What is Betaine with Pepsin?
Betaine with Pepsin provides betaine hydrochloride along with pepsin, a key protein digestive enzyme produced in the stomach. This product is ideal for those who are looking to support their stomach’s digestive function. Taking this supplement before a meal aids digestion, especially the digestion of protein-containing foods, and helps with the assimilation of nutrients.*
What are the benefits of Betaine with Pepsin?
Betaine with Pepsin helps to support digestive health, proper digestion of proteins, optimal absorption of nutritional substances, as well as bowel irregularities, such as occasional diarrhea and constipation.*
What is the recommended dose?
The recommended dose is one capsule before a protein-rich meal.
What if the recommended dose is not helping to support my digestion?
Betaine with Pepsin should be taken with a protein-rich meal, starting with one capsule per meal. The amount of Betaine with Pepsin that should be taken may vary for each person, to achieve the desired support. Please consult with your healthcare practitioner to determine the ideal dose for your needs.
When should I take it?
Betaine with Pepsin should be taken with protein-containing meals.
Can it be taken with thyroid medications?
Betaine with Pepsin should be taken at least 30 to 60 minutes away from thyroid medications.
How do I know if I have low stomach acid?
There aren’t too many tell-tale signs of low stomach acid, other than perhaps feeling full and tired after meals, as well as experiencing acid reflux-like symptoms. Nonetheless, low stomach acid is very common in Hashimoto’s. Signs and symptoms that would lead one to believe that a person with Hashimoto’s has low stomach acid include: acid reflux (this condition, that is conventionally treated with an acid suppressant, can actually be caused by low stomach acid), low B12, ferritin, or iron levels, fatigue despite thyroid medications, and constipation/diarrhea.
Is Betaine with Pepsin a lifelong supplement?
Many people are able to wean off of Betaine with Pepsin within six to nine months. However, supplementation may still be helpful periodically for digestive symptoms, or when consuming higher than normal amounts of protein. Those with MTHFR gene polymorphisms may benefit from using betaine long-term. Please consult with your practitioner to determine the appropriate duration and/or discontinuation for your individual needs.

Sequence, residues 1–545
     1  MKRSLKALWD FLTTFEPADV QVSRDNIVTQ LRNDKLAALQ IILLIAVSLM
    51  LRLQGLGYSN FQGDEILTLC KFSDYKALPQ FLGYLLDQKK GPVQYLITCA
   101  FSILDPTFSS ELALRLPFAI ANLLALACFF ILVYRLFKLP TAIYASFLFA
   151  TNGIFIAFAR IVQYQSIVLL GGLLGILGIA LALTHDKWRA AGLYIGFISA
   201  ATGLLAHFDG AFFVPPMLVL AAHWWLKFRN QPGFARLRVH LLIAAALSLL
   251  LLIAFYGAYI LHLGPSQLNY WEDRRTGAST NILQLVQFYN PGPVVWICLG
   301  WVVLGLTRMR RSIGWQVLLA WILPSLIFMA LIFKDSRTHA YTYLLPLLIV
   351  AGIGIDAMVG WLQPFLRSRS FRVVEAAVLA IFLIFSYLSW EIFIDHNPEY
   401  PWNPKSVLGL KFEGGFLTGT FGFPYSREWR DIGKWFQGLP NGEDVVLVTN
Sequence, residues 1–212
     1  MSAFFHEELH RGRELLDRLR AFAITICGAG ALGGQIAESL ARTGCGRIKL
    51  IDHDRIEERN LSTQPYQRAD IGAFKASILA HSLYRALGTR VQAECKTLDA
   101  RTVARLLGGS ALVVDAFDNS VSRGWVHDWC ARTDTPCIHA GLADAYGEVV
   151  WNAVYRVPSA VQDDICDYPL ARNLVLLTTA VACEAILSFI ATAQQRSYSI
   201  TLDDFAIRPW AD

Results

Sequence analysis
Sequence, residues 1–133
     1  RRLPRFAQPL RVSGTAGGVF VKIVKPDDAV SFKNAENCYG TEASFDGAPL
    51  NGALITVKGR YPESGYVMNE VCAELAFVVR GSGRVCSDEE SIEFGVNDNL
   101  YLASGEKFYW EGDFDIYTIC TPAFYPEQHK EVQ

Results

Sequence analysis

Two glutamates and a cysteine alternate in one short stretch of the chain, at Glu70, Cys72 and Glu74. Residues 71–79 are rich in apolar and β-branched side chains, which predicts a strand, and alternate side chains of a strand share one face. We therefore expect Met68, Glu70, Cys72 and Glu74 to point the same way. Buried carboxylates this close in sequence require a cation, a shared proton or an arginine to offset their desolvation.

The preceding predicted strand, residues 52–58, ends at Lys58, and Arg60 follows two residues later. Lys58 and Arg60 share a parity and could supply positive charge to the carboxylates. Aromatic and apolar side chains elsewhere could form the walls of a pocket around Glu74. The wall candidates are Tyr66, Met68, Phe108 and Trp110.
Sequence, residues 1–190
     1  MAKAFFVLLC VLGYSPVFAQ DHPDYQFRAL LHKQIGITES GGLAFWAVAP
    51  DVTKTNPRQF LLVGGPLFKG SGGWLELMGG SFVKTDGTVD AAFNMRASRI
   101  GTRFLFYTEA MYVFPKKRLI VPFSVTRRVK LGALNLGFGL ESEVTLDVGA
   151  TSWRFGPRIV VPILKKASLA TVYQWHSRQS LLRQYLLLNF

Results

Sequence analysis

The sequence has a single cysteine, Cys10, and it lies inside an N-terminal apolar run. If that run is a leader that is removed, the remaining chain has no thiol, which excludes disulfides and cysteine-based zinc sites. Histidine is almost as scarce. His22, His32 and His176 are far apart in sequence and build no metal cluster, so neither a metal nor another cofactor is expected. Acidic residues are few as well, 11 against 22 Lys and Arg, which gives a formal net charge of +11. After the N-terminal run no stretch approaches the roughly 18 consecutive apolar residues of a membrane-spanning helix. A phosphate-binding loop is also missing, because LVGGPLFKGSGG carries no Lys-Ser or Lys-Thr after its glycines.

I feel a burning sensation when I take the Betaine with Pepsin. How can I get rid of this?
Mixing one teaspoon of baking soda in a glass of water can help neutralize the Betaine with Pepsin to reduce the burning sensation. This burning sensation is an indication that you likely need a lower dose of Betaine with Pepsin, or that you don’t need to take it any longer.
Not to be used by those with a history of having any type of ulcer or gastritis, those with an active H. pylori infection, or those with an overproduction of stomach acid. Do not use if you are allergic or sensitive to any of the ingredients in this supplement.
Consult with a doctor before use if pregnant or breastfeeding.
DO NOT TAKE if taking the following medications: blood thinners, NSAIDs, steroids, or other medications that may cause an ulcer.
Do not take with proton pump inhibitors and acid-suppressing medications, as these will negate the effect of this supplement.
- Kohli DR, Lee JZ-E, Koch TR, Talavera F, Anand BS, Greenwald D, et al. Achlorhydria Clinical Presentation. Medscape. https://emedicine.medscape.com/article/170066-clinical#b5. Updated July 15, 2016. Accessed May 3, 2018.
- Daher R, Yazbeck T, Jaoude JB, Abboud B. Consequences of dysthyroidism on the digestive tract and viscera. World Journal of Gastroenterology. 2009;15(23):2834-2838. doi:10.3748/wjg.15.2834
- Osborne D, Sobczynska-Malefora A. Autoimmune mechanisms in pernicious anemia & thyroid disease. Autoimmun Rev. 2015;14(9):763-768.
- Rojas Hernandez CM, Oo TH. Advances in mechanisms, diagnosis, and treatment of pernicious anemia. Discov Med. 2015;19(104):159-168.
- Gerenova, Manolova M, Tzoneva VI. Clinical significance of autoantibodies to parietal cells in patients with autoimmune thyroid diseases. Folia medica (Plovdiv). 2013 Apr-Jun;55(2):26-32.
- Lauritano AC, Bilotta AL, Gabrielli M, Scarpellini E, Lupascu A, Laginestra A, et al. Association between hypothyroidism and small intestinal bacterial overgrowth. J Clin Endocrinol Metab. 2007;92(11):4180-4184.
- Betesh AL, Santa Ana CA, Cole JA, Fordtran JS. Is achlorhydria a cause of iron deficiency anemia? Am J Clin Nutr. 2015;102(1):9-19.
- Jensen RT. Consequences of long-term proton pump blockade: insights from studies of patients with gastrinomas. Basic Clin Pharmacol Toxicol. 2006;98(1):4-19.
- Aghili R, Jafarzadeh F, Bhorbani R, Khamseh ME, Salami MA, Malek M. The association of Helicobacter pylori infection with Hashimoto’s thyroiditis. Acta Med Iran. 2013;51(5):293-296.
- Research and Science. Klaire Labs. https://klaire.com/researchandscience/. Accessed 11 August 2020.
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